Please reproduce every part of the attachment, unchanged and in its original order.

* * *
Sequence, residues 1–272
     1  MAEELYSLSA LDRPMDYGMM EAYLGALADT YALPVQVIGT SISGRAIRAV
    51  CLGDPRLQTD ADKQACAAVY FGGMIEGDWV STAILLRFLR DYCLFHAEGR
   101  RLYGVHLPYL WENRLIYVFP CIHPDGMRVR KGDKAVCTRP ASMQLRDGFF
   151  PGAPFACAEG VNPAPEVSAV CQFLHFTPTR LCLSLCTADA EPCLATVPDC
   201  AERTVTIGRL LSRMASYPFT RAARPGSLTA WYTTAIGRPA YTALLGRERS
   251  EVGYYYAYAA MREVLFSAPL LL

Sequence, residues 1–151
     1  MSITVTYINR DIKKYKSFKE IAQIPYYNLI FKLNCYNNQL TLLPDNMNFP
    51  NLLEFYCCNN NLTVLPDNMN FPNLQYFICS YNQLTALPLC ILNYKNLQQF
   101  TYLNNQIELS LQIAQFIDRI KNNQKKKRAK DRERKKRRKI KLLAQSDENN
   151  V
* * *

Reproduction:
Sequence, residues 1–272
     1  MAEELYSLSA LDRPMDYGMM EAYLGALADT YALPVQVIGT SISGRAIRAV
    51  CLGDPRLQTD ADKQACAAVY FGGMIEGDWV STAILLRFLR DYCLFHAEGR
   101  RLYGVHLPYL WENRLIYVFP CIHPDGMRVR KGDKAVCTRP ASMQLRDGFF
   151  PGAPFACAEG VNPAPEVSAV CQFLHFTPTR LCLSLCTADA EPCLATVPDC
   201  AERTVTIGRL LSRMASYPFT RAARPGSLTA WYTTAIGRPA YTALLGRERS
   251  EVGYYYAYAA MREVLFSAPL LL

Sequence, residues 1–151
     1  MSITVTYINR DIKKYKSFKE IAQIPYYNLI FKLNCYNNQL TLLPDNMNFP
    51  NLLEFYCCNN NLTVLPDNMN FPNLQYFICS YNQLTALPLC ILNYKNLQQF
   101  TYLNNQIELS LQIAQFIDRI KNNQKKKRAK DRERKKRRKI KLLAQSDENN
   151  V